Last week I got a call from my good friend Eddie Hamilton, editor extraordinaire (who also edited 'Gone Fishing'. He is currently working on ‘Kick Ass’ for Mathew Vaughn and needed a way of presenting the edit, in HD, to folks without the need for laying off the film to ‘HDCam’ and hiring decks to play it back (which becomes expensive if you need to do it repeatedly). He discovered a small wonder and I asked him to share his findings with us.
The £70 Western Digital TV HD media player is a revelatory device. If you're working on a movie that is being edited at HD resolution, you can export an HD H264 Quicktime file from your editing computer (the same file format that Apple uses for HD trailers and TV/movie downloads) onto a USB hard drive or memory stick, plug that into the media player box and play it anywhere. The miracle is that the media player box has an HDMI connector which can plug into any home cinema projector, or (with a cheap HDMI to DVI adaptor) plug into a professional cinema projector (such as the Barco DP100 used at the Odeon Leicester Square).
That means you don't need to play your movie onto an expensive HDCAM deck with an HD-SDI connector to play your film back in a huge theatrical environment. This is a HUGE cost saving as renting a deck will cost around £200 a day minimum.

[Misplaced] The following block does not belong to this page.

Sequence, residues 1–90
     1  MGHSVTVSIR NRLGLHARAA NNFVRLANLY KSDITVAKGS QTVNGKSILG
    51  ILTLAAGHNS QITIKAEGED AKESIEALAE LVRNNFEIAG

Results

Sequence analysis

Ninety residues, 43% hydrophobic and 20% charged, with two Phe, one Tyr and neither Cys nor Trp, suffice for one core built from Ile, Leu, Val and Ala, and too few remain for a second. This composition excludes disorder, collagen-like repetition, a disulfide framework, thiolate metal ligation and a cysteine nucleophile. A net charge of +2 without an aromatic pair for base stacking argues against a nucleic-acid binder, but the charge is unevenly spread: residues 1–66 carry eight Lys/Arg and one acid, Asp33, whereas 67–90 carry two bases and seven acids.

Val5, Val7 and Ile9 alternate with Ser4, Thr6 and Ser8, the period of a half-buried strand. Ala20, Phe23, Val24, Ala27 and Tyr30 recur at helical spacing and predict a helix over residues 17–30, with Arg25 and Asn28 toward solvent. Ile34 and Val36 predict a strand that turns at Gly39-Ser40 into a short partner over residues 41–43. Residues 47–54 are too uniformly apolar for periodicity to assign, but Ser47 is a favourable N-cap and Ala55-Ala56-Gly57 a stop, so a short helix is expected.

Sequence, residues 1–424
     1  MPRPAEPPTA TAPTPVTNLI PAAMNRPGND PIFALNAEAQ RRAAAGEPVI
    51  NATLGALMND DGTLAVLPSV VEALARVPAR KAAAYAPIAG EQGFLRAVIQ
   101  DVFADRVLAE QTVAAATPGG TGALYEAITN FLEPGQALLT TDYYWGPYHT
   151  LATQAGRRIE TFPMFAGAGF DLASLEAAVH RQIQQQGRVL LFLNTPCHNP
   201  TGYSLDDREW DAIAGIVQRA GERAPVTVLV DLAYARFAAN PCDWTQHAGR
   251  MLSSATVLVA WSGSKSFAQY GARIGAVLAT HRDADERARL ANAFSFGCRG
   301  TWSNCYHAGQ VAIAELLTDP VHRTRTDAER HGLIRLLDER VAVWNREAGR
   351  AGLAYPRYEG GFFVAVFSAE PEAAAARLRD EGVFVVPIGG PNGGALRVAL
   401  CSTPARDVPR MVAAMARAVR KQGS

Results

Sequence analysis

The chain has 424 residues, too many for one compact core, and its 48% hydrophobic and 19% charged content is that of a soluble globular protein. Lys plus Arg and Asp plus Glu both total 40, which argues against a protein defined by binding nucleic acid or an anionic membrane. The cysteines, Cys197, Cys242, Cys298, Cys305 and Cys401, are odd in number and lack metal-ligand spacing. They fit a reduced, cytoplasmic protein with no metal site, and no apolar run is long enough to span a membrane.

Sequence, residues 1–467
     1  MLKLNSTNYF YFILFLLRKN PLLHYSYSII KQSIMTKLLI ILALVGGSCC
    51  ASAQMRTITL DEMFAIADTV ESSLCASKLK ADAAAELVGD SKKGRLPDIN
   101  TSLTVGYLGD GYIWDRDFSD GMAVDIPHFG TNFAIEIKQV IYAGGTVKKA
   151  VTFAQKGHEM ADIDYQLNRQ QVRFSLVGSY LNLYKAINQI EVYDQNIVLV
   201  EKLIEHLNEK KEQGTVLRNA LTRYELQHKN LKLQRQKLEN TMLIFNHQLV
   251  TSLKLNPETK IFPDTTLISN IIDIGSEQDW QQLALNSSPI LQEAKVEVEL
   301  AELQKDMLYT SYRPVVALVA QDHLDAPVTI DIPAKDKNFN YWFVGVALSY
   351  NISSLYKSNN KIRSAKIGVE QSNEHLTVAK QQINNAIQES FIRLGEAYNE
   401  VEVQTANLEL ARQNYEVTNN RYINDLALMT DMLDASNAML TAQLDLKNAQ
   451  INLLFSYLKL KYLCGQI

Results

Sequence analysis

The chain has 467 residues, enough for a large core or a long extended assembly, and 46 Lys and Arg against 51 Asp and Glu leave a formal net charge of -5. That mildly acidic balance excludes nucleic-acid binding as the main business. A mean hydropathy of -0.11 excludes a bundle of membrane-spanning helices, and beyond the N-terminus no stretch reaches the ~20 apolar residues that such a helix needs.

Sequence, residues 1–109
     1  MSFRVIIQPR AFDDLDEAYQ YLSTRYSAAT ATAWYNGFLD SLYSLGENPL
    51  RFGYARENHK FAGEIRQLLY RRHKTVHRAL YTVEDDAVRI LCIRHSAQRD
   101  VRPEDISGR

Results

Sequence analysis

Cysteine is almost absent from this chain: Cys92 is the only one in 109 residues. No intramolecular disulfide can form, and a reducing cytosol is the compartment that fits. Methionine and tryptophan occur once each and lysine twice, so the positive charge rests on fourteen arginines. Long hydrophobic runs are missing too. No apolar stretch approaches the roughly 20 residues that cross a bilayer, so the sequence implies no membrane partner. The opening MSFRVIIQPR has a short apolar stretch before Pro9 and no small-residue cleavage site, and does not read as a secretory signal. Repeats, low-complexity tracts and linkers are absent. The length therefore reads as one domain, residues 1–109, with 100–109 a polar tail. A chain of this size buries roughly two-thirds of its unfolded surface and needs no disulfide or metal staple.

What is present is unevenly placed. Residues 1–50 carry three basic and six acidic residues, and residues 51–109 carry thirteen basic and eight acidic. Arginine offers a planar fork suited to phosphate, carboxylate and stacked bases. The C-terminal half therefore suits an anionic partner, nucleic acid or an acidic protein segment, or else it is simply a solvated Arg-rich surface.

The media player box will read many kinds of video files, photos and music too. It will read both Mac and PC hard disks.
As for sound, a good stereo mix created in your Avid or FCP will play back perfectly on a Dolby CP650 sound processor using a Pro-Logic audio decode (that's what most cinemas have).
If you can make a Quicktime with 5.1 audio (or download one from iTunes) the HD TV has a optical audio out which can plug into a home cinema sound processor for full 5.1 surround sound.
So as long as you know what you're doing, you could present your movie in the Odeon Leicester Square using the £70 media player box and a 16GB USB memory stick (a 100 min movie will be about 9GB in size (at 10 megabits per second H264 24fps video and 320 kilobits per second stereo AAC audio).
And the quality is awesome.
Thanks for sharing Eddie.
Onwards and Upwards
Chris Jones, Film Maker and Author